After the mass shootings in El Paso, President Trump called for "strong background checks" on Monday and Dayton, Ohio, and suggested that arms legislation be aligned with immigration reform, one of his top priorities, he did not reach in Congress.
"We must not let those killed in El Paso, Texas, and Dayton, Ohio, die in vain," Trump said in tweets in the early morning, referring to the massacres that killed 29 people.
"Likewise for those who are so badly wounded," he said. "We can never forget them and the many who came before them. Republicans and Democrats need to get together and undergo a thorough background check. Maybe they have to combine this legislation with much needed immigration reform. We must make something good, if not GREAT, out of these two tragic events! "
Trump's tweets arrived three hours before the planned remarks at the White House about the shootings.
It remained unclear how clear Trump would be in his call for stronger background checks and how much he would rely on Republicans in Congress to take action.
In late February, the democratically-run House approved the first significant new firearms restrictions to get ahead in a generation. The proposed law would change federal arms laws to require background checks for all arms sales and most arms transfers.
Federally licensed merchants must conduct background checks on persons buying weapons, private sellers who do not have a federal license. Under the law, private parties would have to seek a federal licensee to facilitate arms trafficking.
The following day, the Chamber passed a separate bill that would extend the government's time to run a background check for someone trying to do this. Buy a gun from a licensed dealer before the sale can be completed.
None of the two measures, which were adopted by predominantly democratic votes, has progressed in the Senate. Trump has threatened to veto the two bills because they do not adequately protect gun owners' rights under the second amendment.
Following the recent mass shootings, the Democrats have asked the Senate Majority Leader, Mitch McConnell (R-Ky.), To call the senators back from intermission to Washington to take action.
Trump promised in the days following the high school shootings in Parkland, Florida, that 17 deaths would be "very high on background checks".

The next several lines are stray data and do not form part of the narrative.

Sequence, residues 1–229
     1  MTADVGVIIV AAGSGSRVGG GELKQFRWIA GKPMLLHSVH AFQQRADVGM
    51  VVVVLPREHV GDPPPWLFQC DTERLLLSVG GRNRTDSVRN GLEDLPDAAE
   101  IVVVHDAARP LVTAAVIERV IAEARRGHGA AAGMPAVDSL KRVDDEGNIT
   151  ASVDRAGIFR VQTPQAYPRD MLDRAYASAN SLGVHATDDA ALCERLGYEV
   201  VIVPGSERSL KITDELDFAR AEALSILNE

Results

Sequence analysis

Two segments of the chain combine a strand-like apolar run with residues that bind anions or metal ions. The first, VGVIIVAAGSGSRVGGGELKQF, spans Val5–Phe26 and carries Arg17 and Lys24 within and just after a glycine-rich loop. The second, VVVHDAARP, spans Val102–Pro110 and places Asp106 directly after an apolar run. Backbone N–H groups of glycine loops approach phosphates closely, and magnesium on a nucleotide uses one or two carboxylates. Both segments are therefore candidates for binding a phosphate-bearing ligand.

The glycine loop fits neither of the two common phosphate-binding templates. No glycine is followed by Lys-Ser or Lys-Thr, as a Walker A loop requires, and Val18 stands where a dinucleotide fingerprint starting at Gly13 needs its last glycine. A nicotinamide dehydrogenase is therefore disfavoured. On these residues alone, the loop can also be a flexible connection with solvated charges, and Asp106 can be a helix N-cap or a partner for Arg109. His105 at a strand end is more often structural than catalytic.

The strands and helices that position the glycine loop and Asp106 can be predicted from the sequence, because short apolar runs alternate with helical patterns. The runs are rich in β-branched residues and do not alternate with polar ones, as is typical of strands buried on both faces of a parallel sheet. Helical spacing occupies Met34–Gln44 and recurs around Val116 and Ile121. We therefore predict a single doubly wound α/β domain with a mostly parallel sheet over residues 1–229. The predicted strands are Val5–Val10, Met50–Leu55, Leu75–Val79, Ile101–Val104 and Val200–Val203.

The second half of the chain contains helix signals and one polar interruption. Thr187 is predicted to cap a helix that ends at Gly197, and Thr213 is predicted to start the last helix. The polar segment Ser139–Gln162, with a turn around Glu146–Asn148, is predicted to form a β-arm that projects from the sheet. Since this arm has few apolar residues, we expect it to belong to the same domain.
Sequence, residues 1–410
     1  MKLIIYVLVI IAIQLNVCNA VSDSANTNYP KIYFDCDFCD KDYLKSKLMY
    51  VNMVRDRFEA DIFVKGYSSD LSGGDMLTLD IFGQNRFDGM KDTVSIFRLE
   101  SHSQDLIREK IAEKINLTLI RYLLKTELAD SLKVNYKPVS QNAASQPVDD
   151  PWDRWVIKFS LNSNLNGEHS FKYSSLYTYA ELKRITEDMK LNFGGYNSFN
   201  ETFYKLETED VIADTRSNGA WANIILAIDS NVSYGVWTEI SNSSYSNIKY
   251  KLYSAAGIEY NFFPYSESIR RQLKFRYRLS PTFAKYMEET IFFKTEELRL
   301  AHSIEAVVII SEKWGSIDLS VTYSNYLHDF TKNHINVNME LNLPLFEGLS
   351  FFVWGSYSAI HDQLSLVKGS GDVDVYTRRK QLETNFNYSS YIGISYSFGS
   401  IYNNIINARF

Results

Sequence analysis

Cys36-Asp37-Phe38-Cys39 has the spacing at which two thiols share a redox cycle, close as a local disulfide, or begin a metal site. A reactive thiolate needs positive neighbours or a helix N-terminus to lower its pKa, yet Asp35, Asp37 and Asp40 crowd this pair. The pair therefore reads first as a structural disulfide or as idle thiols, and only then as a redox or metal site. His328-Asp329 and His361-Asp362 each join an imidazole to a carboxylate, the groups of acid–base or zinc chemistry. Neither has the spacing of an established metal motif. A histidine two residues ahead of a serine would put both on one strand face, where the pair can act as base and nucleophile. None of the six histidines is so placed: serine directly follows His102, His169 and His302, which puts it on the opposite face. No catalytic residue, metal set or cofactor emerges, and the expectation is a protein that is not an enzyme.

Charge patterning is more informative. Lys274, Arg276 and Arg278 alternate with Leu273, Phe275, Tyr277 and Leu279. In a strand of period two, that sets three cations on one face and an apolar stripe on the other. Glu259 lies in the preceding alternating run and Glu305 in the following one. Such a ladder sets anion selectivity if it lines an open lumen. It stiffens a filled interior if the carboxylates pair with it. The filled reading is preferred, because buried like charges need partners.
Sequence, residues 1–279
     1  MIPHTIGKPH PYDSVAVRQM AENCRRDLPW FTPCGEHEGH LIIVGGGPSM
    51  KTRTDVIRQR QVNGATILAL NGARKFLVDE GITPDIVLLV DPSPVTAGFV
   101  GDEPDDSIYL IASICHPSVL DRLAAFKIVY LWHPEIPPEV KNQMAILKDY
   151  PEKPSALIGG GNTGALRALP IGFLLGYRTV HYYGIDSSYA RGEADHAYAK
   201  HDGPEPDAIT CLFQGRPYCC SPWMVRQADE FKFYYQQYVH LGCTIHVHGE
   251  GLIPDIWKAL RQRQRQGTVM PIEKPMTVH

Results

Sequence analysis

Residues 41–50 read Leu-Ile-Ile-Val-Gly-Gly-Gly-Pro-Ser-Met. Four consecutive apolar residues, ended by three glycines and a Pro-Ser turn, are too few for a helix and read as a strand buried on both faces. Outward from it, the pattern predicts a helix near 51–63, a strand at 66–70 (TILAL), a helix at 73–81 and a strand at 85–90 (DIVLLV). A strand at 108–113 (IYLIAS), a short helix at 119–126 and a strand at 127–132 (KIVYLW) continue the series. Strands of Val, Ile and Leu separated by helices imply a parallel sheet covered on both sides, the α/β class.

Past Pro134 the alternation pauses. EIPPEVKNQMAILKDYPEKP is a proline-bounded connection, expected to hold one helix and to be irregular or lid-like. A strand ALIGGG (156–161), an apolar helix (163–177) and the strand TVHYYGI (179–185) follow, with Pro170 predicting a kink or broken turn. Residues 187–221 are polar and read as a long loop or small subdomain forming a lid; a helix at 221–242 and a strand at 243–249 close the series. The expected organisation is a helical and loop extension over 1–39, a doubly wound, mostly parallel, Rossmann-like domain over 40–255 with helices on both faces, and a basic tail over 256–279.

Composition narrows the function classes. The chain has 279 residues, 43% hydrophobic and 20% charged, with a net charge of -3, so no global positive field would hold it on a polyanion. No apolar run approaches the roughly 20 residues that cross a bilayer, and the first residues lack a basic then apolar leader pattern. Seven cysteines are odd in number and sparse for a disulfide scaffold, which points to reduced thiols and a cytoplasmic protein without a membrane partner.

] Later, he withdrew, advocating relatively modest changes to federal background control and arming teachers.
Mick Mulvaney, the current White House chief of staff, defended Trump's record on weapons security on Sunday, pointing out what he described as "some reasonable improvements."
Mulvaney cited an executive action during an appearance on ABC's "This Week" to ban "bump sticks" and other weapon modifiers firing semi-automatic firearms faster. These devices were used during filming in October 2017 at a music festival in Las Vegas, where 58 people were killed.
"I think we all agree that sick people who plan to do such things should not buy weapons legally. Mulvaney said. "The challenge, of course, is finding out who is sick when they're trying to buy their weapons, and that's the kind of discussion we need to have."
In another tweet on Monday morning, Trump seemed to blame the media for the recent mass shootings.
"The media have a great responsibility for life and security in our country," he wrote. "Fake News has contributed much to the anger and anger that has built up over many years. Reporting must be fair, balanced and unbiased, otherwise these terrible problems will only get worse!
In recent days, many Democrats have said Trump's rogue rhetoric has contributed to the carnage.
While the shooter's motives in Dayton's entertainment district remain unclear, the shooter of an El Paso Walmart supercentre in El Paso is set to 8chan, an online news platform responsible for their racist, bigoten and anti-Semitic content, authorities said.